Lucie Baumont, a PhD student in the College of Arts and Sciences Department of Physics and Astronomy is among 49 graduate students recently selected by the U.S. Department of Energy’s Office of Science Graduate Student Research (SCGSR) Program to receive supplementary funding and placement in a DOE laboratory to work alongside DOE scientists.
As part of her PhD work, Lucie uses weak gravitational lensing of galaxy clusters to learn about cosmology. “According to Einstein’s theory of general relativity,” Lucie said, “massive objects, such as a galaxy clusters, actually curve spacetime. This curved spacetime acts as a giant lens, magnifying and distorting light from distant galaxies that passes through it on the way to Earth.” Using a camera called DECam, Lucie takes high quality images and measures the distortions. The information she gathers allows her to reconstruct the galaxy cluster masses in an effort to investigate the evolution of the universe.
Through the SCGSR program, Lucie will travel to the Stanford University operated SLAC National Accelerator Lab in San Mateo County, California, where she will work on a cosmology inference code that will allow her to find which models of cosmology best agree with her data.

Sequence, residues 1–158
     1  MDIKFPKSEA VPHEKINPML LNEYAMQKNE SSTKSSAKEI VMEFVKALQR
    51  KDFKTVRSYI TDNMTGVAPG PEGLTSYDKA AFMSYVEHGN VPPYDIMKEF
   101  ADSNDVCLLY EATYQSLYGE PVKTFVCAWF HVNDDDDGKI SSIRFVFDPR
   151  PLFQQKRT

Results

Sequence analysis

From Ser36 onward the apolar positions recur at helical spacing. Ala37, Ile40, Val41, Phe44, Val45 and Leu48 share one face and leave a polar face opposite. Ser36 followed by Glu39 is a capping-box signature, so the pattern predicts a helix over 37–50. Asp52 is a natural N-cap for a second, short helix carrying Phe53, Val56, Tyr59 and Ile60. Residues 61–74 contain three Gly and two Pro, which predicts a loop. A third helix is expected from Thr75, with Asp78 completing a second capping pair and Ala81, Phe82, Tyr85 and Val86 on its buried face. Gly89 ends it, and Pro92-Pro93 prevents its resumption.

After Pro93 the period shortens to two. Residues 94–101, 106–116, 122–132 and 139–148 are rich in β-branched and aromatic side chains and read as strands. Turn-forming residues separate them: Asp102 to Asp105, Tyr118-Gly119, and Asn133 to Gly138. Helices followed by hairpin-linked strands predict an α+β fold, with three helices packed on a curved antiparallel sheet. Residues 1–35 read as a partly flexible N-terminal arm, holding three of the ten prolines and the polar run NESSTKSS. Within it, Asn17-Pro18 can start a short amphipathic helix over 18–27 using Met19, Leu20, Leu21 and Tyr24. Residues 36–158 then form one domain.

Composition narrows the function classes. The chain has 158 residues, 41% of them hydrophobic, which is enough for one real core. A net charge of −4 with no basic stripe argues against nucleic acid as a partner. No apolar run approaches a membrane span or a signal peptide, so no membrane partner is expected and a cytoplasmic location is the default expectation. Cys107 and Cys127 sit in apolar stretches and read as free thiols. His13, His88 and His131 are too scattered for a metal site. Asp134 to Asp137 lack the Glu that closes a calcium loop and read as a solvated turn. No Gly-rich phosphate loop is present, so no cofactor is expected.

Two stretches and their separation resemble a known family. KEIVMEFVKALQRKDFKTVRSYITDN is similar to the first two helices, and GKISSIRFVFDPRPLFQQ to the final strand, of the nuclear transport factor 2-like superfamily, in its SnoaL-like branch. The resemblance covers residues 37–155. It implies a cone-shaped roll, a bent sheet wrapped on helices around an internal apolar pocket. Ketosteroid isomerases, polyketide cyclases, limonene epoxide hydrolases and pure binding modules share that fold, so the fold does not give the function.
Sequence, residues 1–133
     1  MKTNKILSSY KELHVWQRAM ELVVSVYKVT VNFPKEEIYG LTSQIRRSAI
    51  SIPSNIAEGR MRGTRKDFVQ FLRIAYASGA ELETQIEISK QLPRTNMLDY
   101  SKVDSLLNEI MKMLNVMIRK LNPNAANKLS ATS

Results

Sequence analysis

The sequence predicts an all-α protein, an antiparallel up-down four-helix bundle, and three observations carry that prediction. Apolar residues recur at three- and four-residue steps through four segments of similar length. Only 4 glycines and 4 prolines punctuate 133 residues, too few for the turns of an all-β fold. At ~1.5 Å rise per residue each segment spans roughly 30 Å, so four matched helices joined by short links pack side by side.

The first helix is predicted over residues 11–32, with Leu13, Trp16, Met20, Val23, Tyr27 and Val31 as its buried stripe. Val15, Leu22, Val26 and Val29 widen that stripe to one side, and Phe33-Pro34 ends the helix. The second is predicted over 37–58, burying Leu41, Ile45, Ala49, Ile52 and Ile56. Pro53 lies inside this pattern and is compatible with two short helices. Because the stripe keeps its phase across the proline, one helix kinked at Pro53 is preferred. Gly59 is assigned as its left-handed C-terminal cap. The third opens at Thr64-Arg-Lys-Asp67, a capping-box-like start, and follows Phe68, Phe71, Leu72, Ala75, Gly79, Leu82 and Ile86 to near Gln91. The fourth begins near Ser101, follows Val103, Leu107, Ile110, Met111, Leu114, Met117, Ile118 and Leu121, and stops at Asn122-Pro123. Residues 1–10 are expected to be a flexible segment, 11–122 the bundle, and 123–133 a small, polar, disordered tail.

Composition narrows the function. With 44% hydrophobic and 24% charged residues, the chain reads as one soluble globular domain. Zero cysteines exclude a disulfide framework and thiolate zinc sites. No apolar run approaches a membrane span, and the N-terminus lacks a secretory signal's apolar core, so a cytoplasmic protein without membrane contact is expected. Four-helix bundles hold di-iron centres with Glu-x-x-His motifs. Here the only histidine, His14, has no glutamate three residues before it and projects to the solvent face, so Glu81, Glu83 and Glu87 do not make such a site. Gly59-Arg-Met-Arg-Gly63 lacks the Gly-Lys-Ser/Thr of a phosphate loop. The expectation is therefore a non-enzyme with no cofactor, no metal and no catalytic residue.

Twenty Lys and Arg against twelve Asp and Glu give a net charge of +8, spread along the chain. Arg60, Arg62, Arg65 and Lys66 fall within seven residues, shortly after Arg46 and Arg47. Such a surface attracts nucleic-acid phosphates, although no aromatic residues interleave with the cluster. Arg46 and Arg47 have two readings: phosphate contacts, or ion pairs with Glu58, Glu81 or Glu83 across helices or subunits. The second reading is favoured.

“I am thrilled that this award honors Lucie’s hard work on a large and complex PhD project,” said Anja von der Linden, Associate Professor of Astronomy who is Lucie’s advisor. “Upon completion of this work in collaboration with researchers at SLAC, she will be one of only a handful of people capable of taking state-of-the-art weak-lensing datasets all the way from raw pixel-level data to the inference of cosmological parameters. Her project and the acquired skillset places her in an excellent position to take on future leadership roles in the analysis of upcoming cosmology surveys such as the Large Synoptic Survey Telescope.”
The goal of the SCGSR program is to prepare graduate students for science, technology, engineering, or mathematics (STEM) careers critically important to the DOE Office of Science mission, by providing graduate thesis research opportunities at DOE laboratories. The SCGSR program provides supplemental awards to outstanding U.S. graduate students to pursue part of their graduate thesis research at a DOE laboratory/facility in areas that address scientific challenges central to the Office of Science mission. The research opportunity is expected to advance the graduate students’ overall doctoral thesis while providing access to the expertise, resources, and capabilities available at the DOE laboratories/facilities.
— Nicholas Raffel